Book briefs

2017-11-15 06:02

Unlimited Memory – How to Use Advanced Learning Strategies to Learn Faster, Remember More and Be More Productive

Author: Kevin Horsley

Once you realise all the memory experts you encounter use the same basic techniques to study and amaze, it’s time to put your scepticism aside and start listening to what they have to say.

In Unlimited Memory, far from offering a gimmicky pseudo-science, Kevin Horsley provides logical methods used by the pros to make it faster, more efficient and, yes, more enjoyable for even the most forgetful of people to be able to easily recall information.

Try this if you don’t believe me - with as much detail as possible, close your eyes and imagine leaning out of a skyscraper, pouring a bucket of milk over a giant egg. The egg reacts by splitting open, out of which tumble millions of tiny bottles of dish-washing liquid. The bottles fall through a drain and land on a boat-sized corn flake, which then sails downstream and enters the mouth of a chicken.

Milk. Eggs. Dish-washing liquid. Corn flakes. Chicken. You’ve just memorised your shopping list for the day. And if you think that’s impressive, wait until you’re still able to remember that one month from now.

The trick is in mentally gluing visual objects together in the craziest way possible, since it’s the bizarre images in our minds that tend to stick around the longest. Best of all, if you practice enough, your brain starts doing it automatically. For foreign language students, even abstract words can be visualised, e.g. the word “creativity” can be represented by a light bulb.

Along with touch typing, speed reading and deliberate practice, for such an essential skill to not be a staple in every classroom has to be one of the greatest injustices of our time.

The book is a short read, but if you’re willing to give it a try, it’s easily one of the most important investments you’ll ever make.

Further reading: Deep Work – Rules for Focused Success in a Distracted World (Cal Newport); Peak – Secrets from the New Science of Expertise (Anders Ericsson & Robert Pool)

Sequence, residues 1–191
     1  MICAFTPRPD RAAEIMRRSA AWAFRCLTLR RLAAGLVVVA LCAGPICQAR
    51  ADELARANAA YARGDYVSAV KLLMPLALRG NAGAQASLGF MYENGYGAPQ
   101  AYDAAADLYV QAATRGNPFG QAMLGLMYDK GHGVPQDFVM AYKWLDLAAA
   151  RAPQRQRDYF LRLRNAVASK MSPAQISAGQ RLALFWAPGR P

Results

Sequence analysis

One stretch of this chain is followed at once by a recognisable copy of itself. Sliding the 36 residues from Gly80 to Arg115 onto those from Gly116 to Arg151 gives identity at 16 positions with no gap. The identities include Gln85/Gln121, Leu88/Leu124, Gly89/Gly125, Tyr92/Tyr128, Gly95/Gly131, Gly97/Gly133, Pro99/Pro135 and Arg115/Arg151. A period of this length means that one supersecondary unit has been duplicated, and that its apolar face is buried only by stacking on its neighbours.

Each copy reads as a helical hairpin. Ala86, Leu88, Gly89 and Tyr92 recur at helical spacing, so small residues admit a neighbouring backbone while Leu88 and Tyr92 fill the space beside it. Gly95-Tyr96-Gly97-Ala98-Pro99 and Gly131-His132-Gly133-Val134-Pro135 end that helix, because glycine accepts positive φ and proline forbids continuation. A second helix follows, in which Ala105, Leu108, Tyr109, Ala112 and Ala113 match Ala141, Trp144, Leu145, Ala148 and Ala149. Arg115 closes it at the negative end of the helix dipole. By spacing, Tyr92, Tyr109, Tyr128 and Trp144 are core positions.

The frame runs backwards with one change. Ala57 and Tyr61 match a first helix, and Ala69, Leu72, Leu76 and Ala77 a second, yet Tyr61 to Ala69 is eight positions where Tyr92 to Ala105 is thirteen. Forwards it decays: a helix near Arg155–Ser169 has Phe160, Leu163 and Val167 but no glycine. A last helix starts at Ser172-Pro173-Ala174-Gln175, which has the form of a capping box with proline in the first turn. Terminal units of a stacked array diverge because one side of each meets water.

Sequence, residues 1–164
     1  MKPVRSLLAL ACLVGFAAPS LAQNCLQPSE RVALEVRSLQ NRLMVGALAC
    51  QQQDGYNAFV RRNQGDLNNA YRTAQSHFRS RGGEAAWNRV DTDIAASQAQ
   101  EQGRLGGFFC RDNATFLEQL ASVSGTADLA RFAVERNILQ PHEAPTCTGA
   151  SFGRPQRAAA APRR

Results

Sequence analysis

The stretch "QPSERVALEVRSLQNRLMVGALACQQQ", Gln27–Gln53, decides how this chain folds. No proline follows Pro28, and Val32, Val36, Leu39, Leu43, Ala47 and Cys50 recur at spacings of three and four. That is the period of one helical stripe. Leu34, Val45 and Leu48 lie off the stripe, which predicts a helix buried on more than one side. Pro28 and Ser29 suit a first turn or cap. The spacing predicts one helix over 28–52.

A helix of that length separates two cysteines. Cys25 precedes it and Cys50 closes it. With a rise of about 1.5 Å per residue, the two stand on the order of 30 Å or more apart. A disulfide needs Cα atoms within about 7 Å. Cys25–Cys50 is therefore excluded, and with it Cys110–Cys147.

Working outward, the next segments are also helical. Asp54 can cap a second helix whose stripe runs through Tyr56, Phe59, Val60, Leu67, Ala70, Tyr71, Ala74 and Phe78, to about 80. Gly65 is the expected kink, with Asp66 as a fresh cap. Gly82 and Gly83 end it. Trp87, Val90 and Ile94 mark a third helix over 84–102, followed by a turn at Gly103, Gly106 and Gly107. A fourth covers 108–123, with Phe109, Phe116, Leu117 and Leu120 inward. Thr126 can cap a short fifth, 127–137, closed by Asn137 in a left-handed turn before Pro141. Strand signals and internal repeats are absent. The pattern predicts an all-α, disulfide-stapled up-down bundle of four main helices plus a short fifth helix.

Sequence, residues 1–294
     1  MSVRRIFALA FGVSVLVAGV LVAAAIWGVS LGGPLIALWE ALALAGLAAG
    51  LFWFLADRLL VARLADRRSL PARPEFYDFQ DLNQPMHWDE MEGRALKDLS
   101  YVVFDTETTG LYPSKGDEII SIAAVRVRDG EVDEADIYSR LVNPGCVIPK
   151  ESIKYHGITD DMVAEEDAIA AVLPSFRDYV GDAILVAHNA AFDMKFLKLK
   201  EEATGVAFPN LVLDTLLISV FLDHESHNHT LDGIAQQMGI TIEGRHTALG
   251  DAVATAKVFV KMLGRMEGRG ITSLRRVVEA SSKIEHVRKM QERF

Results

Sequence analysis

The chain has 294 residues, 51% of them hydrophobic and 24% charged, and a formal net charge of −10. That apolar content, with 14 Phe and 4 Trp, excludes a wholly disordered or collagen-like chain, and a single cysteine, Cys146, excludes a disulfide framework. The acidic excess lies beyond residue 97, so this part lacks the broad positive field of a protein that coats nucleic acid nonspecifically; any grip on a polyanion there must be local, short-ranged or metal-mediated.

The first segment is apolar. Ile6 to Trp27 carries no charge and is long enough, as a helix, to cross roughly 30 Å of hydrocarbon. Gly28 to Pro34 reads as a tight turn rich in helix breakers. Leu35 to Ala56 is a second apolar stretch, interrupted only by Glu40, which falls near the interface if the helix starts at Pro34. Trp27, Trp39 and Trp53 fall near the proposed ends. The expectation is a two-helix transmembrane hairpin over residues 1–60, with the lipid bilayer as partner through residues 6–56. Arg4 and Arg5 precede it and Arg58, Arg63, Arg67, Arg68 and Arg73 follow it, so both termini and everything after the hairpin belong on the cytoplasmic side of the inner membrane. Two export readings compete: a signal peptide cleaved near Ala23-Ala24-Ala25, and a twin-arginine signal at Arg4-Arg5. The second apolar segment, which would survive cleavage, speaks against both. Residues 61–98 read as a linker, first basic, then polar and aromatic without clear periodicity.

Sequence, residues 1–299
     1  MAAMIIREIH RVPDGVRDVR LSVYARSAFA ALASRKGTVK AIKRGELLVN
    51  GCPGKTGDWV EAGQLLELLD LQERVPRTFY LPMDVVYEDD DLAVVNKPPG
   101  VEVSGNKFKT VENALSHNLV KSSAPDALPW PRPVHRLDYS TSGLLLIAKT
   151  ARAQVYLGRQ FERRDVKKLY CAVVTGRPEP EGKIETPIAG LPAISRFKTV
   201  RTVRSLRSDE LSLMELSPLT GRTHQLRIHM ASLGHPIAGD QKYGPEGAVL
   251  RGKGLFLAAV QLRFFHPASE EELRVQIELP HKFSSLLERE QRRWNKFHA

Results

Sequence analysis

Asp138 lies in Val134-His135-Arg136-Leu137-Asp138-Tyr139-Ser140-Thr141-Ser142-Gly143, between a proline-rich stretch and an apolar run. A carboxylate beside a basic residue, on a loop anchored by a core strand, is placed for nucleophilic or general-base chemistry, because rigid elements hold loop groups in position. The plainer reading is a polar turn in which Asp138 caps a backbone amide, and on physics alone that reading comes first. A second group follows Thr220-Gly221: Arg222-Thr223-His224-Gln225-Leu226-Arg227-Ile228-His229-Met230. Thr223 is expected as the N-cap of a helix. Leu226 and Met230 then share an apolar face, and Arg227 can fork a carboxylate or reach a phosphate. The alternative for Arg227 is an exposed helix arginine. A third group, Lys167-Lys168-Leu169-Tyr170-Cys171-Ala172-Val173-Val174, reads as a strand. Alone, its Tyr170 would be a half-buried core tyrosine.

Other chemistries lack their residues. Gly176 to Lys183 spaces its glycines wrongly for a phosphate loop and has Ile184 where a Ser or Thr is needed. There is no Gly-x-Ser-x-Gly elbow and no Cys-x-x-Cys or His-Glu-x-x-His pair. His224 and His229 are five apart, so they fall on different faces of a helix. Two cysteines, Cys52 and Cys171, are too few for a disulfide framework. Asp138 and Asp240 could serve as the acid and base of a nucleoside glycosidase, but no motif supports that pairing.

Blood, Sweat, and Pixels - The Triumphant, Turbulent Stories Behind How Video Games are Made

Author: Jason Schreier

If you think making a video game is as easy as making a movie, try shooting said movie with actors who won’t move an inch unless you tell them to, building arbitrary corners of a world few inhabitants will ever see, and using a camera that your technician keeps tinkering with during production, even if it means having to start from scratch when he’s done.

Oh, and if you somehow manage to navigate the chaos and actually put out a product, you’d then be at the mercy of internet instability and fault-finding fans demanding updates. It’s not all Doom and gloom, though. Despite the delays, crunches (excruciatingly long working hours before launch) and the eternal conflict between man and machine, artists and financiers, and overworked employees and neglected families, video-game creators find a deep sense of fulfilment in “that moment” when it all comes together and the team finally sees what they were working towards (unless the publisher pulled the plug and it didn’t come together at all).

It also doesn’t hurt that the industry is proving to be extremely lucrative for anyone willing to put in the time and effort to produce something special.

In Blood, Sweat, and Pixels, veteran videogame journalist Jason Schreier reveals what happened during the development of 10 titles, from mega hits such as Uncharted 4 and Halo Wars to the experimental and independent Stardew Valley. You’d be forgiven for thinking there’s a lot of repetition here, but every game has its own story, and each is skilfully unravelled by Schreier as he walks you through the storm while teasing you of the outcome. - Omar Sayed.



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